The Apprentice – 10 years of discount buying (Episode 9)
Picking over the bones
This week I find myself enraged by The Apprentice. Never before, over countless series, has the outcome of an episode seemed so unfair.
Here is the scenario, one candidate shows initiative, creativity and intelligence, finding a before un-thought-of solution to a problem. The second runs around like a headless chicken, trying to find a headless Kosher chicken, shows poor leadership and strategy, and misses the deadline. Which one goes? Yep, that’s right, the first one.
This week found teams Tenacity and Summit undertaking the perennial buying task, the aim of it being to test a candidates planning, logistical and negotiating skills. Given this task appears every year, what better opportunity is there over the series for candidates to actually think about their strategy in advance. They could learn from the mistakes of previous series, and plan their approach accordingly. And this year even more so, given that the items on the list were ones that have appeared in previous series. You would think anyway – but it didn’t really go that way.
Team leaders this week were Sanjay and Daniel. Daniel bulldozed his way into the role, overriding Katie’s and Mark’s suggestions that they were the ideal people for this task.
Sanjay’s strategy was to sit tight, phone around to source the items, and then get on the road. A good idea perhaps, but 2 ½ hours later they were getting nowhere, as Roisin ignored Bianca’s repeated suggestions that diamonds would best be found in Hatton Garden. Once on the road, things didn’t get much better, with a complete lack of strategy, highlighted particularly by the random driving past a “shop” (what was it?) with a skeleton in the window. The phrase ‘busy fools’ sprung to mind. There was one small glimmer of hope in the group, when Bianca used the fact that Summit were behind Tenacity at a reclamation yard to get a better discount than they did. And she did it again in the hunt for the skeleton; whilst Solomon messed around with “Stanley’s” detachable jaw, Bianca effectively negotiated down on the price.
Daniel’s team, Tenacity, performed well throughout the task. They got every item (which, as Lord Sugar pointed out, had not been done before). Daniel showed Drive throughout the day, motivating his team (albeit appearing slightly insincere at times) and getting them all back to the Boardroom with minutes to spare. And it all seems so promising, until Lord Sugar presented the skeleton and things fell apart. Watching the programme, it appeared that Tenacity were going to be rewarded for, well, their tenacity, and for Filipe’s creativity (and minor pedantry) buying a paper skeleton to meet the description of what was required. The decision to disallow it seemed petty, a perception which was compounded by Lord Sugar also highlighting that the rope they had obtained was 0.7 metres too long. This quibbling, which ultimately resulted in Tenacity losing, left me wondering what on earth this episode told us about business. Lord Sugar’s criticism that Filipe was trying to be “too clever” seemed an odd message about what AMS1 values in potential business partners.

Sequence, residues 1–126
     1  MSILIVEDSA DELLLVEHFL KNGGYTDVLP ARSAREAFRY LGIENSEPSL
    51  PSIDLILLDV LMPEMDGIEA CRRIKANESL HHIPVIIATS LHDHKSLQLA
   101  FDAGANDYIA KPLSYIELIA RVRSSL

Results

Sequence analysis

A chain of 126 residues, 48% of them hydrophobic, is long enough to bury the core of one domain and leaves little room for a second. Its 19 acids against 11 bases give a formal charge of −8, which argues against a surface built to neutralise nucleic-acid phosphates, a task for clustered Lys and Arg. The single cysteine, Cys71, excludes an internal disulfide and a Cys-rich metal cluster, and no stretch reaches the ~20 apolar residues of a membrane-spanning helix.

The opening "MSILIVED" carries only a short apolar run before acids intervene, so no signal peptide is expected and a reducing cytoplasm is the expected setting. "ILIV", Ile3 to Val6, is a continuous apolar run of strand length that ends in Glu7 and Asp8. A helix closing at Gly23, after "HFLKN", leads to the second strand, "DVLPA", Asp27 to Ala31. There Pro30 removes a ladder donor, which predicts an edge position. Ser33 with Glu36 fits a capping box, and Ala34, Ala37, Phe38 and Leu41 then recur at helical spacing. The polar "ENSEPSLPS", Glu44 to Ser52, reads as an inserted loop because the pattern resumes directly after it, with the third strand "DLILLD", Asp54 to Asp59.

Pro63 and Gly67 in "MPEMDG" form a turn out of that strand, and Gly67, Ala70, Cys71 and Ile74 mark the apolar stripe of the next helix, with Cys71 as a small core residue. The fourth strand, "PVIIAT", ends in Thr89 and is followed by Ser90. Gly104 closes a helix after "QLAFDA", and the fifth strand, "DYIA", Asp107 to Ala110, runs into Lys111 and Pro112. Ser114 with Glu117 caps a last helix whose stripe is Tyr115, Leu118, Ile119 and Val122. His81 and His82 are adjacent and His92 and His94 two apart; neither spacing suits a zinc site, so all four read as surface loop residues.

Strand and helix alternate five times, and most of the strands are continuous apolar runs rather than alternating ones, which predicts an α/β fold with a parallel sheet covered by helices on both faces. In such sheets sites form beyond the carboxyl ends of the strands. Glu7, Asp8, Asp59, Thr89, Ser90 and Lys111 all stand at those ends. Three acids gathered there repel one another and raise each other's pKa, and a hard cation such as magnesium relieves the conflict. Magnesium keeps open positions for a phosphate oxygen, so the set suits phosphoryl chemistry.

What then could we glean about leadership from this episode? One thing struck me – that Daniel had survived four rounds of being in the final three. And what got him through? As Filipe said, in this episode he “became a man, and showed us he learned something”. For the vast majority of the task it appeared that he had learned, he seemed to be dealing well with his team, there was no arguing, and he held the task together. The second thing was Drive; he pushed himself forward as leader and managed the team to get hold of every single item at a good price. But things changed once it was clear the team had lost. Daniel lost control of his emotions, which manifested itself in anger, and slightly oddly, in bizarrely animated ears. It was also at this point that his values (or the lack thereof) came in to play, where decisions he had supported, namely Filipe’s idea about the skeleton, he then backed away from. Despite congratulating Filipe several times for his ingenuity during the task, Daniel then “revealed” (or post hoc rationalised) that he had been feeling anxious about the skeleton all day. Therefore, whilst both Drive and Learning (two key elements of a&dc’s LIVED Leadership Model) were in evidence, there are significant concerns over Daniel’s ability to control his Emotions and whether he actually has any Values.
Sanjay’s showed a lack of Learning (things were just not going well from the beginning, and he didn’t change his plan), Intellect (in the form of strategy), control of his Emotions and a lack of Drive. His inability to manage his emotions came down more to a lack of focus and panic when things weren’t going to plan, and to excessive sweating and nervous laughing in the boardroom. His lack of Drive was evidenced particularly when it was clear the team weren’t going to get back to the Boardroom in line with the deadline – you could see the defeat in his eyes.
What other lessons could be learned from this episode? Well, maybe Lord Sugar could learn something about how to specify his requirements clearly. Perhaps Filipe could help him with that?
Author: Philippa Riley
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